3. Ice the bottom of your foot.

Icing is one of the easiest and cheapest modalities to use to lessen foot pain. Simply wrap an ice pack in a cloth or towel. Then, place the pack on the bottom of your foot over the area of pain for 15-20 minutes. Repeat three to four times per day for maximum benefit.

4. Stretch your calves.

Plantar fasciitis can be exacerbated by tight calves or Achilles’ tendons. By incorporating two simple stretches into your day, you improve the flexibility, mobility, and position of your foot.

Lying Down Calve Stretch:

Position: Lying in a comfortable buy soma online cod position on your back

Props: Yoga strap, towel or belt

Lie in a comfortable position on your back with your knees bent and feet on the floor. Straighten your right leg toward the ceiling. Place the yoga strap, towel, or belt around the ball of your right foot. While keeping your leg as straight as possible, gently pull on the strap until you feel a stretch in your calf and down the back of your leg. Hold the stretch for 20-30 seconds. Repeat the stretch three times, and then proceed to the left leg.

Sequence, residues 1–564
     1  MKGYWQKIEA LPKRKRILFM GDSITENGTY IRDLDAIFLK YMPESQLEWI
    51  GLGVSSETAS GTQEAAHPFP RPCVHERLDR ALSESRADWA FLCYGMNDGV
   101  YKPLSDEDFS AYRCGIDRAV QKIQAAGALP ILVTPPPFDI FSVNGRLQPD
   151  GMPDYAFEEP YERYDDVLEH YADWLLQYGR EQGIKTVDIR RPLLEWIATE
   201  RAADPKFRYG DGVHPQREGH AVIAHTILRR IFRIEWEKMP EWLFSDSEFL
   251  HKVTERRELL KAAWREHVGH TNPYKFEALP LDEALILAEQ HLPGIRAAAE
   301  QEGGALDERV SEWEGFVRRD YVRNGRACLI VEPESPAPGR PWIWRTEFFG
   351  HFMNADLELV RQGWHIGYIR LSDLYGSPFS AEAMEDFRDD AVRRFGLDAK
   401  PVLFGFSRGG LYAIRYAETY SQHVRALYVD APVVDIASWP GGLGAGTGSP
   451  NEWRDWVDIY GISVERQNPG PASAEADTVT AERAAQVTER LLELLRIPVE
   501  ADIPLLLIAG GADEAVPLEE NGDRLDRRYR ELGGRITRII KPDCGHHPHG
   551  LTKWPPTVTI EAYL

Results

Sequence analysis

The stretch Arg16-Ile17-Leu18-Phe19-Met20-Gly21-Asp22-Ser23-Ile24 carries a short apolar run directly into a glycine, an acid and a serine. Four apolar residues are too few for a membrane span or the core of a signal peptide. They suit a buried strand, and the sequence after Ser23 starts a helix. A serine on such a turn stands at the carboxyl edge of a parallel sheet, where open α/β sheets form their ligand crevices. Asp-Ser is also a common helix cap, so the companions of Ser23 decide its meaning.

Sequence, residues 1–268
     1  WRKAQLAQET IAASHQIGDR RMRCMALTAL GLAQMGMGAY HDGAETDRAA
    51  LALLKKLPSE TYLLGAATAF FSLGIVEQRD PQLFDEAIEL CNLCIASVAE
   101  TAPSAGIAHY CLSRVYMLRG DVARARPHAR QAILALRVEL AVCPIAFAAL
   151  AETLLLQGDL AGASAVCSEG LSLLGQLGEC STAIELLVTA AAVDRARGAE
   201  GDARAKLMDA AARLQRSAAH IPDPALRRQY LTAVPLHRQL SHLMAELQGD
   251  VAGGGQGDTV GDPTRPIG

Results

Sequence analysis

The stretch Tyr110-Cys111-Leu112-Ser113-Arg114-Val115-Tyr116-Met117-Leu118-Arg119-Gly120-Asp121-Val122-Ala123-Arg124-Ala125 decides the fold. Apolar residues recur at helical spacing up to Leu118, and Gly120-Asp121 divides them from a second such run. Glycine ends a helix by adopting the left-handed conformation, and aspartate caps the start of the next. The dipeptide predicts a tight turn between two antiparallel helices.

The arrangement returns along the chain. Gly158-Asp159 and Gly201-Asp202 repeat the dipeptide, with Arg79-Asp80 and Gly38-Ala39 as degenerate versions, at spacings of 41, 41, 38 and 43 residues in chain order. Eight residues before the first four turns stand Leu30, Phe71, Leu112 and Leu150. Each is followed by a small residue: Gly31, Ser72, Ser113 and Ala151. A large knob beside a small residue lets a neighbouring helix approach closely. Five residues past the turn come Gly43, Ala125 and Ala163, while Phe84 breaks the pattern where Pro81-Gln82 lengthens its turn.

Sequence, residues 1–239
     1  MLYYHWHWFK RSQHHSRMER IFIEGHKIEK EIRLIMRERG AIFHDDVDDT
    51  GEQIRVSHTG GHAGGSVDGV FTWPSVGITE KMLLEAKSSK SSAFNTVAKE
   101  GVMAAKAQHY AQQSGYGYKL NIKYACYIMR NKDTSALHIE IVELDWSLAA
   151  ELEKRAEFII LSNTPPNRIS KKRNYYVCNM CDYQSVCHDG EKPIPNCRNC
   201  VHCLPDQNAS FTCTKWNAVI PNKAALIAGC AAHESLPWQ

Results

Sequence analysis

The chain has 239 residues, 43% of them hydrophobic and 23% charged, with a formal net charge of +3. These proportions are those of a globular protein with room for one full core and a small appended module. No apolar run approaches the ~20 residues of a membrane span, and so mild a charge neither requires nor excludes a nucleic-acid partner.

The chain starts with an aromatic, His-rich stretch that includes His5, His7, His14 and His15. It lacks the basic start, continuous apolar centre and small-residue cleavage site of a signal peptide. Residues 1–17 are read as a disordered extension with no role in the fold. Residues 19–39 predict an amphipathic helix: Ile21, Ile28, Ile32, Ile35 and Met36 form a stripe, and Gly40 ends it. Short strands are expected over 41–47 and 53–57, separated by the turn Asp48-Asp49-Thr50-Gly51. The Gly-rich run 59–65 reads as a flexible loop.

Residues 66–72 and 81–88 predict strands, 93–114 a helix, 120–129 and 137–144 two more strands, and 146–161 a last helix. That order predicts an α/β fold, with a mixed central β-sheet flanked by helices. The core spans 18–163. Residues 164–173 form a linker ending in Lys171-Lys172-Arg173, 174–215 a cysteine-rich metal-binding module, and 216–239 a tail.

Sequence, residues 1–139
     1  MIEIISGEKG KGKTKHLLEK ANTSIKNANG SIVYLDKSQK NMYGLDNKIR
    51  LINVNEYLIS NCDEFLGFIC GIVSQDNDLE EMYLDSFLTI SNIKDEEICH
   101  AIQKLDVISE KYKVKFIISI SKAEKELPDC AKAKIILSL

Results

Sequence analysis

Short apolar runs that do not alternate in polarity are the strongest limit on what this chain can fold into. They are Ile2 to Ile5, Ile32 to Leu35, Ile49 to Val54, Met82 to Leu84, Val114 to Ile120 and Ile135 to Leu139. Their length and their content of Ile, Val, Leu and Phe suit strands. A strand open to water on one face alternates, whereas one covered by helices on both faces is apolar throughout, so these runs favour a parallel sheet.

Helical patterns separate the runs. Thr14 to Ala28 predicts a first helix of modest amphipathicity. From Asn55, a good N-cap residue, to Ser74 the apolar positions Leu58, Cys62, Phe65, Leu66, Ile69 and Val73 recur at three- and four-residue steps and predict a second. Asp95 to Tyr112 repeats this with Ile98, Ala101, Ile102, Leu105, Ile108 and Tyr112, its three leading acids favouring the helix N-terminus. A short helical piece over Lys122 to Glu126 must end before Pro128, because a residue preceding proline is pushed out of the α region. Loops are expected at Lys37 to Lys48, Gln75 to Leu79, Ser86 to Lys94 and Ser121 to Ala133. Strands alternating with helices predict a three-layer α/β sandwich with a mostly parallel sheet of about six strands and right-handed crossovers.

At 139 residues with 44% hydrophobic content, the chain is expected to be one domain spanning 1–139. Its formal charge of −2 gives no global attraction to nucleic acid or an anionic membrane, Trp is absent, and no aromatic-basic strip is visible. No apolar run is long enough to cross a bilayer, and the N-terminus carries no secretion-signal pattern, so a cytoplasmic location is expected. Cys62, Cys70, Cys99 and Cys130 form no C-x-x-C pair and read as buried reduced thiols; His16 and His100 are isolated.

Downward Dog Stretch:

Position: Bearing weight on your hands and feet in an inverted “V.”

Props: Yoga mat or some other non-skid surface

I like to use this particular yoga posture because it stretches both the hamstrings and Achilles’ tendons. Place your palms flat on the mat, floor, or some other non-skid surface where you won’t slip. Your palms should be shoulder-width apart on your mat, and your fingers comfortably spread open. Step back with each leg until your body is in the shape of an inverted “V.” Press your feet into the floor, straightening your legs as much as you can–never overdoing the pose. For some people, the heels will reach all the way to the floor. For others, they won’t. The goal is to feel gentle stretching down the back of your legs and into your Achilles’ tendons. Reach your tailbone to the sky, and relax your upper back, head and neck in this pose. Hold for ten deep breaths.